The New Zealand Labour Party's hopes of hanging on to power in last week's general election may have been dashed when its grand gesture of abolishing interest payments on student loans lost some of its allure.
The ombudsman ordered the release of Treasury costings for the move. They suggest that the bill could be three times higher than Labour claimed, undermining the party's re-election strategy of pushing a message of credibility, stability and experience in the final days of campaigning.
Even on Labour's own costing of NZ$300 million (£116 million), vice-chancellors warned that this would leave no room for better resources and salary awards. The banks predicted the true cost would be nearer NZ$1 billion.
The National Party also suffered an own goal when its leader, Don Brash, visited Maori tertiary institution Te Wananga o Aotearoa to announce his policy, hoping to capitalise on allegations of financial mismanagement, racial separatism and "soft" courses at the institution. But the institution showed that it is a quick learner in the art of political theatre.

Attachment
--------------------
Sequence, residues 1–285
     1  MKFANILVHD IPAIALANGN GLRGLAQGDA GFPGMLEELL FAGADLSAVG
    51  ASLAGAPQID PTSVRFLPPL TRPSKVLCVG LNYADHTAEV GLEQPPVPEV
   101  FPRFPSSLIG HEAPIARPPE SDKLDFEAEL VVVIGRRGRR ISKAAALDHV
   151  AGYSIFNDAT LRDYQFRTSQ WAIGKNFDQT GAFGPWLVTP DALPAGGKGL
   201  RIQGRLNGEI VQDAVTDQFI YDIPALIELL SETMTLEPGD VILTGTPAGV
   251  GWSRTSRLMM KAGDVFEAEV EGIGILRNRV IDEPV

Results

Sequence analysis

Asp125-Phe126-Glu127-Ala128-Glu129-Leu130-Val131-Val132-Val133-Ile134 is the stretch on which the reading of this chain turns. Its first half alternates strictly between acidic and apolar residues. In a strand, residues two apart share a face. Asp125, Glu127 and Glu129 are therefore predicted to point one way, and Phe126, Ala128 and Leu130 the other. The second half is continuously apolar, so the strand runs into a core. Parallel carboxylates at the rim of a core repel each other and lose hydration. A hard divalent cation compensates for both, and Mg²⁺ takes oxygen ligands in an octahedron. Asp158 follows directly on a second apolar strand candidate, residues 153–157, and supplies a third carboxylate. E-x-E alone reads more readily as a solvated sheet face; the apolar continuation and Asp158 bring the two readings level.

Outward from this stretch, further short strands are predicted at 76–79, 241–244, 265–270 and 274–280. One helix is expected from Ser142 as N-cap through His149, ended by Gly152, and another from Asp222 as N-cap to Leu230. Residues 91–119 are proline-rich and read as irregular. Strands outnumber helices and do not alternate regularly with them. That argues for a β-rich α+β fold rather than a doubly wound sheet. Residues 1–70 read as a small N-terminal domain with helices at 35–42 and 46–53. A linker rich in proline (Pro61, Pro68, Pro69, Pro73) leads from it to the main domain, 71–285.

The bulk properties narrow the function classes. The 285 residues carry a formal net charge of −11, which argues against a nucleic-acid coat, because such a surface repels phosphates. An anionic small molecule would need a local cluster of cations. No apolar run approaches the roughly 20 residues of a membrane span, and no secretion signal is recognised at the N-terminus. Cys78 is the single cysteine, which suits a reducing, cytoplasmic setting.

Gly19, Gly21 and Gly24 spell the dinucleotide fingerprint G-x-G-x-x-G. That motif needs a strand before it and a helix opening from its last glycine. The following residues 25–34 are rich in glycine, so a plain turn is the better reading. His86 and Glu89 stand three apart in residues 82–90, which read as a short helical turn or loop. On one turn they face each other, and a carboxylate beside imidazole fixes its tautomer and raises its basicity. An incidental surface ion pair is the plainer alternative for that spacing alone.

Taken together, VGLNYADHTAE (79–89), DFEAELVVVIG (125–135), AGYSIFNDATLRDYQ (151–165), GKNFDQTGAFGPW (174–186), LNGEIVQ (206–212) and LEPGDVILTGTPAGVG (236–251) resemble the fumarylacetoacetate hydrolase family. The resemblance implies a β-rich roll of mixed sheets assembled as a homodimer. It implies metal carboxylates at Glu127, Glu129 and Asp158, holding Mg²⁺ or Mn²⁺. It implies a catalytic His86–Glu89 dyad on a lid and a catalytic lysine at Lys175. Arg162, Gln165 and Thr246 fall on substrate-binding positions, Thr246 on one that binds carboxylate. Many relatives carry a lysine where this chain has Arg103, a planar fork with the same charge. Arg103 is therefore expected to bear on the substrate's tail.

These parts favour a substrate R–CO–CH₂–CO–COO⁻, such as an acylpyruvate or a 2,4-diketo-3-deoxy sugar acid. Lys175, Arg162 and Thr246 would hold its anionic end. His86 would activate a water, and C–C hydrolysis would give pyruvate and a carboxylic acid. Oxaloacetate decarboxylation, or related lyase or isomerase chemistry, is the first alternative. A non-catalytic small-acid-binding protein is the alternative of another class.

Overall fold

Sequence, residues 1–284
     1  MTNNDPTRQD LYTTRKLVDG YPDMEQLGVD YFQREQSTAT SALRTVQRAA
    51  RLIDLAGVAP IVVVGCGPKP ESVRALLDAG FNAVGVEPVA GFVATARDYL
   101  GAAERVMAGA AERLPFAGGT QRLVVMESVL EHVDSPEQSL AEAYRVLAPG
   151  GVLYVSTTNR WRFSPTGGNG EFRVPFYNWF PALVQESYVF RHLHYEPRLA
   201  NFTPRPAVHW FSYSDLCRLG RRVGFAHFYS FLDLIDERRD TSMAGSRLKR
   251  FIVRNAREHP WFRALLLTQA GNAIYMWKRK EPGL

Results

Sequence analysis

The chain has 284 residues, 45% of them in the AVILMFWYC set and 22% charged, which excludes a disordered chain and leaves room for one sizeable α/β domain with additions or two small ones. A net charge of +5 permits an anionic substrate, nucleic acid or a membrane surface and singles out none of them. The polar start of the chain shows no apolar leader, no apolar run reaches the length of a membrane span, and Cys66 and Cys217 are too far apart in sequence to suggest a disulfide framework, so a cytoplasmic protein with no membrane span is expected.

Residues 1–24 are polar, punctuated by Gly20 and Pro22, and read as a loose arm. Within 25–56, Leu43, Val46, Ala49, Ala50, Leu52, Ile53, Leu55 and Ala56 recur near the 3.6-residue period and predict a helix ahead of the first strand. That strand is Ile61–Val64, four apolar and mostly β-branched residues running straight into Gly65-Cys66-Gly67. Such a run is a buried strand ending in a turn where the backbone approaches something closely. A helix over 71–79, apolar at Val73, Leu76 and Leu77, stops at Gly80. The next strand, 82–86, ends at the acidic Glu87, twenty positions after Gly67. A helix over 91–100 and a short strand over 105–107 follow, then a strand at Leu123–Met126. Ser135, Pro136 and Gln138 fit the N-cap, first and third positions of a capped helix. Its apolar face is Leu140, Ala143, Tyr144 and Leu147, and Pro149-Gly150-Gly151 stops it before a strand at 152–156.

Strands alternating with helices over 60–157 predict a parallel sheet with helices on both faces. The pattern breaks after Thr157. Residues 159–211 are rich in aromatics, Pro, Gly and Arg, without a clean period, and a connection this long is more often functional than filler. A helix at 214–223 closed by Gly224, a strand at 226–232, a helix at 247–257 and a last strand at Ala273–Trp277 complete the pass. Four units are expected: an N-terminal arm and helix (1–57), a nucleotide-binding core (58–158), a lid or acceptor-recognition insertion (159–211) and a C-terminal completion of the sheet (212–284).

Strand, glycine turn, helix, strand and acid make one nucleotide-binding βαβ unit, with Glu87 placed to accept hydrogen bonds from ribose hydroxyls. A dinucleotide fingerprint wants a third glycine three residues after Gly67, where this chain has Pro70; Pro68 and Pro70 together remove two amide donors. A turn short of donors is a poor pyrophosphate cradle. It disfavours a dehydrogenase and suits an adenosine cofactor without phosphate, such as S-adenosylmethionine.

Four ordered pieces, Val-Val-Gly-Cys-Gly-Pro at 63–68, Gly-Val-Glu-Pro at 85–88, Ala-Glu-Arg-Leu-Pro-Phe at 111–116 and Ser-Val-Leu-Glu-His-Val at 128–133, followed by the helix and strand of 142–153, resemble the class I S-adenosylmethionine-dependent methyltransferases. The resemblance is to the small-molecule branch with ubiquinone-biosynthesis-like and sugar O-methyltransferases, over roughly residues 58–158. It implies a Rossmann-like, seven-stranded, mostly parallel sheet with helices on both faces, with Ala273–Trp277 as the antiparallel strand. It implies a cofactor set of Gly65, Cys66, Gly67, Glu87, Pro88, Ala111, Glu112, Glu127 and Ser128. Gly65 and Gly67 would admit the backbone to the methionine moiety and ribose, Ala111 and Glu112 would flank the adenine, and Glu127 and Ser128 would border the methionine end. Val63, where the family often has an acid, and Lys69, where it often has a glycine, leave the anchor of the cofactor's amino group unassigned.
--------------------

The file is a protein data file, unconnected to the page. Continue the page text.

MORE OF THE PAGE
Having been told that he would not be allowed on campus, the unprepared National leader and his colleagues were invited in for a powhiri , or formal welcome. Gerry Brownlee, the Maori Affairs Spokesman, was unable to respond in Maori, so he was presented with course materials for a Maori language programme. Dr Brash, who intended to deliver a strong message that there was no place for separate institutions based on race, told staff that the institution would prosper under a National government.
Election-night results gave the Labour Party the chance of a third term, with a one-seat edge over the National opposition. But special votes are yet to be counted, and the final outcome will not be certain until the end of the month.